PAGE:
In this paper, we summarize the methodology and the results of our two-year long efforts to construct a comprehensive WordNet for Turkish. We provide the details of manual and automated stages of the construction and discuss the problems and future directions.
Word embedding based methods have received increasing attention for their flexibility and effectiveness in many natural language processing (NLP) tasks including Word Similarity (WS). However, these approaches rely on high-quality corpus and neglect prior knowledge. Lexicon based methods concentrate on human's intelligence contained in semantic resources, e.g., Tongyici Cilin, HowNet and Chinese WordNet, but they have the drawback of being unable to deal with unknown words. This paper proposes a three-stage framework for measuring the Chinese word similarity by incorporating prior knowledge obtained from lexicons and statistics into word embedding: in the first stage, we utilize retrieval techniques to crawl the contexts of word pairs from web resources to extend context corpus. In the next stage, we investigate three types of single similarity measurements including lexicon similarities, statistical similarities and embedding-based similarities. Finally, we exploit simple combination strategies with math operations and the counter-fitting combination strategy using optimization method. To demonstrate our system's efficiency, comparable experiments are conducted on the PKU-500 dataset. Our final results are 0.561/0.516 of Spearman/Pearson rank correlation coefficient, which outperform the state-of-the-art performance to the best of our knowledge. Experiment results on Chinese MC-30 and SemEval-2012 datasets show that our system also performs well on other Chinese datasets, which proves its transferability. Besides, our system is not language-specific, and can be applied to other languages, e.g., English.
Serendipity plays an important role in the appreciation of users for a recommendation system and has shown to be a possible way to alleviate the problem of over-specialization. In this paper, we study the problem of introducing serendipity into an entity recommendation system. Specifically, we aim to recommend more serendipitous entities to users based on the query they are searching for, which can help the system to better feed users with surprisingly interesting entity recommendations that they might not have discovered yet. To this end, we develop neural models to rank each candidate entities according to how well they engage the interest of users when searching for a query. We leverage various factors that may imply different degrees of serendipity. Extensive experiments are conducted on large-scale, real-world datasets collected from a widely used commercial search engine. The experiments show that our method significantly outperforms several strong baselines. Experimental results also show that our method can effectively recommend serendipitous entities that are of more interest to users for domain independent queries. The click-through rate (CTR) results further demonstrate that our method can significantly improve user engagement.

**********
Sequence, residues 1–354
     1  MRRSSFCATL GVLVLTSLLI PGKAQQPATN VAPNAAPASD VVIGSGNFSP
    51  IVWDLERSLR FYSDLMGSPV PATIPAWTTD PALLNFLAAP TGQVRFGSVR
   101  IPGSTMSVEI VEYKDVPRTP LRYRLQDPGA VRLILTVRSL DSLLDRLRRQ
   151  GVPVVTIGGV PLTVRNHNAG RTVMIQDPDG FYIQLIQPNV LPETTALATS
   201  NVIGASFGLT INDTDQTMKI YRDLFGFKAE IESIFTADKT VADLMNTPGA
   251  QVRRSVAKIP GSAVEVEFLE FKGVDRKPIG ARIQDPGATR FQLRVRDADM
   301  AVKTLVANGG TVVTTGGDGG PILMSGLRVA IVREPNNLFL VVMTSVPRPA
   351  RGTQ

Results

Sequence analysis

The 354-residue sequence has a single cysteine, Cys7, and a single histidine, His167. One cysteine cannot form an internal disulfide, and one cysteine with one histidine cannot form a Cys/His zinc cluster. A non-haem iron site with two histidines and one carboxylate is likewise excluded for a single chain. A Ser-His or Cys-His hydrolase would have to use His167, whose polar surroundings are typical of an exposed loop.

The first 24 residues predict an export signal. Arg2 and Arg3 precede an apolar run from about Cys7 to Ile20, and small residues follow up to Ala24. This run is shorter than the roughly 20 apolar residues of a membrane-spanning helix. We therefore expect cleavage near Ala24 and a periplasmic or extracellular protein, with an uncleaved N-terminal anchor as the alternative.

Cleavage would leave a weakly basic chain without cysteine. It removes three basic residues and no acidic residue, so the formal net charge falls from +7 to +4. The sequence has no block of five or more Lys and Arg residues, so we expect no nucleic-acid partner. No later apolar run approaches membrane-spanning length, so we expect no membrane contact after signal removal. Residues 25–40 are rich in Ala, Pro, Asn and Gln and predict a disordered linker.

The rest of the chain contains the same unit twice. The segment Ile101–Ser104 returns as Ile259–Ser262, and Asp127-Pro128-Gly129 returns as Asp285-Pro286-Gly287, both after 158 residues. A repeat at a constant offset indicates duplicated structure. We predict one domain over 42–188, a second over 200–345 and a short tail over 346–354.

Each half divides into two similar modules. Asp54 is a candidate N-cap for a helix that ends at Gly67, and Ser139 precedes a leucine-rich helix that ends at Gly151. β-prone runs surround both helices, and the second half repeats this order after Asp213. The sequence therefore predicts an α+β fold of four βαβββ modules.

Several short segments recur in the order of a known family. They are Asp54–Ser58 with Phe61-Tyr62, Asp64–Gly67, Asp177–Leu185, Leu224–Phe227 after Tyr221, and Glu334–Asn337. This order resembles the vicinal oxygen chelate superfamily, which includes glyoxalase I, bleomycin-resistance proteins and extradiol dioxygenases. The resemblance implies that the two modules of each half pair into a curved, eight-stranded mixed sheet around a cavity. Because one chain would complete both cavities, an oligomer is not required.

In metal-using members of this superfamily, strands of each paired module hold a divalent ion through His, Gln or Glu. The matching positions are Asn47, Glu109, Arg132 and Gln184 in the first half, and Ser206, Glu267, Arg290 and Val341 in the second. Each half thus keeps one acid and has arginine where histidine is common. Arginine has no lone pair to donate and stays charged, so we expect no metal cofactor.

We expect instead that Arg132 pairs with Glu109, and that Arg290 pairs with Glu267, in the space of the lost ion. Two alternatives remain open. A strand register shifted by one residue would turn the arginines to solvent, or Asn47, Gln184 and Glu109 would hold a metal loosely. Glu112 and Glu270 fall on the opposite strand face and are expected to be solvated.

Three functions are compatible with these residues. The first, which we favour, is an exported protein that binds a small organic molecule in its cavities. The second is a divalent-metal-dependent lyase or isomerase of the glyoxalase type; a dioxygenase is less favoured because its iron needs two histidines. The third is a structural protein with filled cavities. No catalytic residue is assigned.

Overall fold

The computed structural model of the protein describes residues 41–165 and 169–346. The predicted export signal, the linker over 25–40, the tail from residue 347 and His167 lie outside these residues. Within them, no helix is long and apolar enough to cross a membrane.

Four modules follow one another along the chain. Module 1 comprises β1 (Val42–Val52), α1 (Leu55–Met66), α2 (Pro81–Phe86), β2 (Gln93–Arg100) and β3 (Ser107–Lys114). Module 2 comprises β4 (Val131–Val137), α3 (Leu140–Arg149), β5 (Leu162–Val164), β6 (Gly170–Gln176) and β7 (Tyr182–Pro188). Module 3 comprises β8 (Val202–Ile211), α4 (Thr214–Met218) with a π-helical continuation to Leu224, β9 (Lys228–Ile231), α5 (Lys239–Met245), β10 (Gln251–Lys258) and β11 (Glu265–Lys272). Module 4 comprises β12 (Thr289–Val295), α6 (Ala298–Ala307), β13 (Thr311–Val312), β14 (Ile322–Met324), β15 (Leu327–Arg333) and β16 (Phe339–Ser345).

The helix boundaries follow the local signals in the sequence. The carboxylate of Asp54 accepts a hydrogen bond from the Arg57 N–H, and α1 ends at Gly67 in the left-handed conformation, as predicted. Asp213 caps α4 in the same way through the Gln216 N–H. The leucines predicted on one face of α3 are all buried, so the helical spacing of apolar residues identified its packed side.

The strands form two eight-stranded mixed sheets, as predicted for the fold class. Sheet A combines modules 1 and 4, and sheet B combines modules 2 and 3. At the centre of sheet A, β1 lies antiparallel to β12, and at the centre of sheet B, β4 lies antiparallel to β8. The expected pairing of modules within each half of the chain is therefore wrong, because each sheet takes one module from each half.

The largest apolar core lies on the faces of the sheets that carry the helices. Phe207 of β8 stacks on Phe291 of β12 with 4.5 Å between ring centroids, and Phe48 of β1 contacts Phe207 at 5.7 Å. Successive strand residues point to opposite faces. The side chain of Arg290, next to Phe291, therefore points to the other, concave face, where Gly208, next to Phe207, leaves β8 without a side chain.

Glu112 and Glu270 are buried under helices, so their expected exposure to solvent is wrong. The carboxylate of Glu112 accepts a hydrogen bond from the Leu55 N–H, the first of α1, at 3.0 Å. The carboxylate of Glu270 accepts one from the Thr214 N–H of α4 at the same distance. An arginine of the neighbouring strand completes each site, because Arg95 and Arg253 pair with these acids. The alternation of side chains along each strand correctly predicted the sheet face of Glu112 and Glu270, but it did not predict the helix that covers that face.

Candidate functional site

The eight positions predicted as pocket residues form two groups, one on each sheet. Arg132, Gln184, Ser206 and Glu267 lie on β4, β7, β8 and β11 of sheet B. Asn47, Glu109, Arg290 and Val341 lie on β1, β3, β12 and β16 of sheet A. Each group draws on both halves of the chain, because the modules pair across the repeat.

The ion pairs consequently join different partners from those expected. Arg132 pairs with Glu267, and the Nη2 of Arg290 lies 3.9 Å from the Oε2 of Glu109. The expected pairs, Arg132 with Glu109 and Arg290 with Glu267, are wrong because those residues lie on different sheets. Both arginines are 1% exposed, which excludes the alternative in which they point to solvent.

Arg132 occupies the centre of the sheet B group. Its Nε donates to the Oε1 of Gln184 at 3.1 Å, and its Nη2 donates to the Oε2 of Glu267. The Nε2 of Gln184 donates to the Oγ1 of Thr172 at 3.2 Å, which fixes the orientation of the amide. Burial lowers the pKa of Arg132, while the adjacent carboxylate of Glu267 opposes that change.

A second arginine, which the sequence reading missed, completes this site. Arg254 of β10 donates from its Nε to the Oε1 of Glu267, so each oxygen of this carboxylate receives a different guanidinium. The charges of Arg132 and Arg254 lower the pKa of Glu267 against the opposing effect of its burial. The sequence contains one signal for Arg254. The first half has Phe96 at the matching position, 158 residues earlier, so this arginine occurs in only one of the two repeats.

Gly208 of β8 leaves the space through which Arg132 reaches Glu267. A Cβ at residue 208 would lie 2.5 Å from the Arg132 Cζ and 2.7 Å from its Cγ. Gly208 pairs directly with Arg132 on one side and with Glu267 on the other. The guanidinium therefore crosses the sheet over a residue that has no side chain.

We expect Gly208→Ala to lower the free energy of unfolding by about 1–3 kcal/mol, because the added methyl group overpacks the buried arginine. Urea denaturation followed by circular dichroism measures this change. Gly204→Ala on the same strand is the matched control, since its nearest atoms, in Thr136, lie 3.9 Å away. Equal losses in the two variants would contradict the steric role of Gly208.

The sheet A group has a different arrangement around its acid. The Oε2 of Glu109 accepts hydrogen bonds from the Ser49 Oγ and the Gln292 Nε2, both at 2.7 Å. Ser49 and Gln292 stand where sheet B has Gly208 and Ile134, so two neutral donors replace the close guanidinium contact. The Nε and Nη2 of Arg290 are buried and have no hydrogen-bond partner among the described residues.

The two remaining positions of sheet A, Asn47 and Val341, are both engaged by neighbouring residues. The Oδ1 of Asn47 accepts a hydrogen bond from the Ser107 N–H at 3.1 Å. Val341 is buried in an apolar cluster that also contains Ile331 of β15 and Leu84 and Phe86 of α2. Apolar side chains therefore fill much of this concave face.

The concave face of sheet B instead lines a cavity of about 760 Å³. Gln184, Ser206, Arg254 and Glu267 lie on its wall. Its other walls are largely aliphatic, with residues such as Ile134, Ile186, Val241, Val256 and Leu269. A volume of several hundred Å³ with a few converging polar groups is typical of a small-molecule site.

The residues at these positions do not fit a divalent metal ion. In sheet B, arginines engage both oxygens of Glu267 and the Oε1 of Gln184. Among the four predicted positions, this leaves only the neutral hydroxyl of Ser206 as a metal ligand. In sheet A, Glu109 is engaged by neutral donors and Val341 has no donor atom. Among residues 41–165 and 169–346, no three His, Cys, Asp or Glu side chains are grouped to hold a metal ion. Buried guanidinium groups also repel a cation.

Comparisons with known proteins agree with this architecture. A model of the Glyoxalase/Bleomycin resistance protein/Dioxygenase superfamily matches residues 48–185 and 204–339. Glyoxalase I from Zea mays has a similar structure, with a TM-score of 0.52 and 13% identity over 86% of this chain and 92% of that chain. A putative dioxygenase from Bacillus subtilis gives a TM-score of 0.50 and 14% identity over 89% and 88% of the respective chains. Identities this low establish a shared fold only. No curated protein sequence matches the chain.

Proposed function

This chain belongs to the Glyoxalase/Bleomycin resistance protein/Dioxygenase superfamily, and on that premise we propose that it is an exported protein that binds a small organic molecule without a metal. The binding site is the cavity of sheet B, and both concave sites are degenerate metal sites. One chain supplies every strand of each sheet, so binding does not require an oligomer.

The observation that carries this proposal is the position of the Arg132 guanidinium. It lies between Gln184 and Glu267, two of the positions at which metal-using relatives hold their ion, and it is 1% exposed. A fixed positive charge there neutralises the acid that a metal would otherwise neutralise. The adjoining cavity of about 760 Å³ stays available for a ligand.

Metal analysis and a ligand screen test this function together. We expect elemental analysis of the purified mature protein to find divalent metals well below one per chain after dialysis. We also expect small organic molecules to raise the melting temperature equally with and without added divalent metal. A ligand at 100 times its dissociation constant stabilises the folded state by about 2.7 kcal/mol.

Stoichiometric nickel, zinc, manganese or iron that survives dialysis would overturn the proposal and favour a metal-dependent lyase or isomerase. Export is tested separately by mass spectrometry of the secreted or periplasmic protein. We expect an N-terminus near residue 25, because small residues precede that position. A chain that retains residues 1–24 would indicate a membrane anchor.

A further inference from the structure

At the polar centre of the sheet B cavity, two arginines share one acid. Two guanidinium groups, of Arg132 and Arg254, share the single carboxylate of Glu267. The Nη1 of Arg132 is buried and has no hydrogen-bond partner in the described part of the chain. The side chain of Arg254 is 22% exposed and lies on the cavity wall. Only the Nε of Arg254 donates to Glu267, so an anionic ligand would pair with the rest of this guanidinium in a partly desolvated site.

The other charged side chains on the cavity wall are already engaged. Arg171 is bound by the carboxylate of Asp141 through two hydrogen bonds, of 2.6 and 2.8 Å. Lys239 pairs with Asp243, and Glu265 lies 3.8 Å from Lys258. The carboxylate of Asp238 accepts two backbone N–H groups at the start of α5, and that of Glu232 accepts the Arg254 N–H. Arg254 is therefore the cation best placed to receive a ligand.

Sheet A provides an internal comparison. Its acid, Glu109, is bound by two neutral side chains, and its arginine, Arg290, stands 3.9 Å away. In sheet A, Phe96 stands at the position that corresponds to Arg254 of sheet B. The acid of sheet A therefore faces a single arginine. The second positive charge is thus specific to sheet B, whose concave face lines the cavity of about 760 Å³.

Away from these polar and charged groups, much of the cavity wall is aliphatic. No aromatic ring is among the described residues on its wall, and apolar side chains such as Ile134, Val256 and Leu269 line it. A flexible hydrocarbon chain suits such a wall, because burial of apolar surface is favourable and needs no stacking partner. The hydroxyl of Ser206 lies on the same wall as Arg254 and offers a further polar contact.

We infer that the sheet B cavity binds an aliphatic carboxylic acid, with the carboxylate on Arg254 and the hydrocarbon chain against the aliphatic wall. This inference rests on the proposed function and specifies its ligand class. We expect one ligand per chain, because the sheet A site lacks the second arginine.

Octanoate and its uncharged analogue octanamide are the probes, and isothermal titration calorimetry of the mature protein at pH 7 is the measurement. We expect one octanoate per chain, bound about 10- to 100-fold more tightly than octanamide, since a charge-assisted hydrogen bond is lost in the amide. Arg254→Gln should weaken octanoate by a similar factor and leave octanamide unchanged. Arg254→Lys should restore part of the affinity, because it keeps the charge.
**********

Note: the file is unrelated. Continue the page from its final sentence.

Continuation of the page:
We annotate 60,000 words of classical Arabic with topics in philosophy, religion, literature, and law with fine-grained segment-based morphological descriptions. We use these annotations for building a morphological segmenter and part-of-speech tagger for Classical Arabic. With character-level classification and features from the word and its lexical context, the segmenter achieves a word accuracy of 96.8% with the main issue being a high rate of out-of-vocabulary words. A token-based part-of-speech tagger achieves an accuracy of 96.22 (97.72% on known tokens) in spite of the small size of the corpus. An error analysis shows that most of the tagging errors are results of segmentation and that the quality improves with more data being added. The morphological segmenter/tagger has a wide range of potential applications in processing the Arabic linguistics heritage.